Plumeria Flower Fertilizer – When And How To Fertilize Plumeria

Plumeria Flower Fertilizer – When And How To Fertilize Plumeria

By: Liz Baessler
Image by foto76

Plumeria are tropical trees that are hardy in USDA zones 10 and 11. Everywhere else they are kept small in containers that can be taken indoors in the winter. When they bloom, they produce beautiful, fragrant flowers that can be used in making leis. Getting them to bloom can be tricky, though, and requires the right fertilizer, particularly if they are in containers. Keep reading to learn more plumeria fertilizer information.

Plumeria Flower Fertilizer

Plumeria plants require a lot of phosphorous. This is the middle number on fertilizer labels. You also want to avoid fertilizers with too much nitrogen, which is the first number on fertilizer labels. Nitrogen encourages growth, and if you’re trying to grow a tree in a pot, this is the last thing you want.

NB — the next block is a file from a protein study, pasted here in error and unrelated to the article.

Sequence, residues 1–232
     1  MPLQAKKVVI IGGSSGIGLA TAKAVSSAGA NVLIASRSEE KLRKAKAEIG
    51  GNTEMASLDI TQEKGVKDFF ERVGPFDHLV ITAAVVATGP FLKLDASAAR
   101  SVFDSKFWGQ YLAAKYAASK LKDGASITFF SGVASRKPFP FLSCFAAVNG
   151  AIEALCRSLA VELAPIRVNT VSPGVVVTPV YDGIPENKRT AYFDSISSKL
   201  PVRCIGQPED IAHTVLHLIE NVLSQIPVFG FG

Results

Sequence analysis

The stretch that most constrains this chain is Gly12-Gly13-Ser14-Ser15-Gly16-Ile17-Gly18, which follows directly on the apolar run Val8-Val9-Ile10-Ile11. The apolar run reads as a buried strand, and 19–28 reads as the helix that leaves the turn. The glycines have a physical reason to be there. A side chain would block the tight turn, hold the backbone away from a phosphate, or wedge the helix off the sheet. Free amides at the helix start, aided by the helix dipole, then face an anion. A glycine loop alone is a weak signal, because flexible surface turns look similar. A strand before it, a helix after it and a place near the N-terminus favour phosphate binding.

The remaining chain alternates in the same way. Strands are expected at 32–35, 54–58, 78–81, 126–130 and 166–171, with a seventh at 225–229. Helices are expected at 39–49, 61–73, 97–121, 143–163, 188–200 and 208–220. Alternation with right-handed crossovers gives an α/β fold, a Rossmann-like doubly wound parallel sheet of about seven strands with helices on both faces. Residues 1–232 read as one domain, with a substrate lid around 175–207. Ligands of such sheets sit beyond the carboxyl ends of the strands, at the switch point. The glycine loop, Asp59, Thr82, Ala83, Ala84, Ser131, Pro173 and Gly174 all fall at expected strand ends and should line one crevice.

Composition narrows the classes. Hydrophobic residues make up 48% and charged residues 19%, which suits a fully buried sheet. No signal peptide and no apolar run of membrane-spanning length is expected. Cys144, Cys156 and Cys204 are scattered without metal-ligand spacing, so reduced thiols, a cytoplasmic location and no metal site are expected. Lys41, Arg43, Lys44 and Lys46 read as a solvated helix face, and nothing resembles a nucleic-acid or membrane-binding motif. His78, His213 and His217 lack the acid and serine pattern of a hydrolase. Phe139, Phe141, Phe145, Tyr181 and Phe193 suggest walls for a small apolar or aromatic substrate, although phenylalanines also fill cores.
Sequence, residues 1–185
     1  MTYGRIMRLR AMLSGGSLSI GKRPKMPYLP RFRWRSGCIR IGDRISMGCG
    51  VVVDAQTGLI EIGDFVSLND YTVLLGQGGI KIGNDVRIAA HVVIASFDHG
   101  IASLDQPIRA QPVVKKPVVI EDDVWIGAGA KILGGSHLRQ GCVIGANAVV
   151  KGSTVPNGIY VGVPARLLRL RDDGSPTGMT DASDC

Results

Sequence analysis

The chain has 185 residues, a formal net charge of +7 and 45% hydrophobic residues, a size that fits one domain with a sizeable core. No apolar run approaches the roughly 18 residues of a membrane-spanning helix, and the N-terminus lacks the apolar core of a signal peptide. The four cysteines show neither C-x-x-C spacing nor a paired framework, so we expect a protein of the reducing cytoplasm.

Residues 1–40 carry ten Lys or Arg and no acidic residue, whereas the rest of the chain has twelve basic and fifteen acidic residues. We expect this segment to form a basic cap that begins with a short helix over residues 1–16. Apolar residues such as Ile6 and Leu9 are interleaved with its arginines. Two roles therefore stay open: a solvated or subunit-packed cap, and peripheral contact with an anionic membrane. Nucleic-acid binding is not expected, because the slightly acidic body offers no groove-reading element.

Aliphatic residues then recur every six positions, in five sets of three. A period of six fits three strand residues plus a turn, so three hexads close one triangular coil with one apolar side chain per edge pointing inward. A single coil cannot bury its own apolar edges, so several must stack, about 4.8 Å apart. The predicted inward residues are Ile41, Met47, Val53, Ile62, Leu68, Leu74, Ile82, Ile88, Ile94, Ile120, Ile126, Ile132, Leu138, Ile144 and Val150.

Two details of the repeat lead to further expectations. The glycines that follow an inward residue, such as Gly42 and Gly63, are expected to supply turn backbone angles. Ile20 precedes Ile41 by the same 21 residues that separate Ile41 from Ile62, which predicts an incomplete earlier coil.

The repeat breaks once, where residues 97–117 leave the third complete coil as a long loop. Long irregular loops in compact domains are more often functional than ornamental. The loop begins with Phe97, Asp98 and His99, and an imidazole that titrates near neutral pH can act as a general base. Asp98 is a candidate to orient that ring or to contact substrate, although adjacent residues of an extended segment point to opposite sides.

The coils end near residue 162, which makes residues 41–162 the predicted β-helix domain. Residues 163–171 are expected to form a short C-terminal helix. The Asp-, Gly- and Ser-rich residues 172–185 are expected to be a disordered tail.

Using a plumeria flower fertilizer with a low first number will make for a more compact tree. Plumeria plants require slightly acidic soil. Constant fertilization can raise acid levels too high, however. If this happens, add some Epsom salts to the soil to neutralize it. Adding 1-2 tbsp every month should do the trick.

When and How to Fertilize Plumeria

Plumerias benefit from consistent fertilizing all summer long, about once per week. Fertilizing styles always vary person to person and even plant to plant. Applying a soil fertilizer may be enough to meet fertilizer requirements for plumeria plants in your care. However, if you water your plumeria too much, you might find all the nutrients are just washing away, not to mention too much irrigation can lead to root rot. Water the plant deeply but allow any excess to drain away and wait until the soil has dried out some before watering it again.

You can also opt for a foliar fertilizer. Keep up your weekly routine but, instead, apply your foliar fertilizer directly to both sides of the leaves. Apply it in the evening, when the harsh rays of the sun aren’t going to be intensified by the fertilizer, scorching the leaves.

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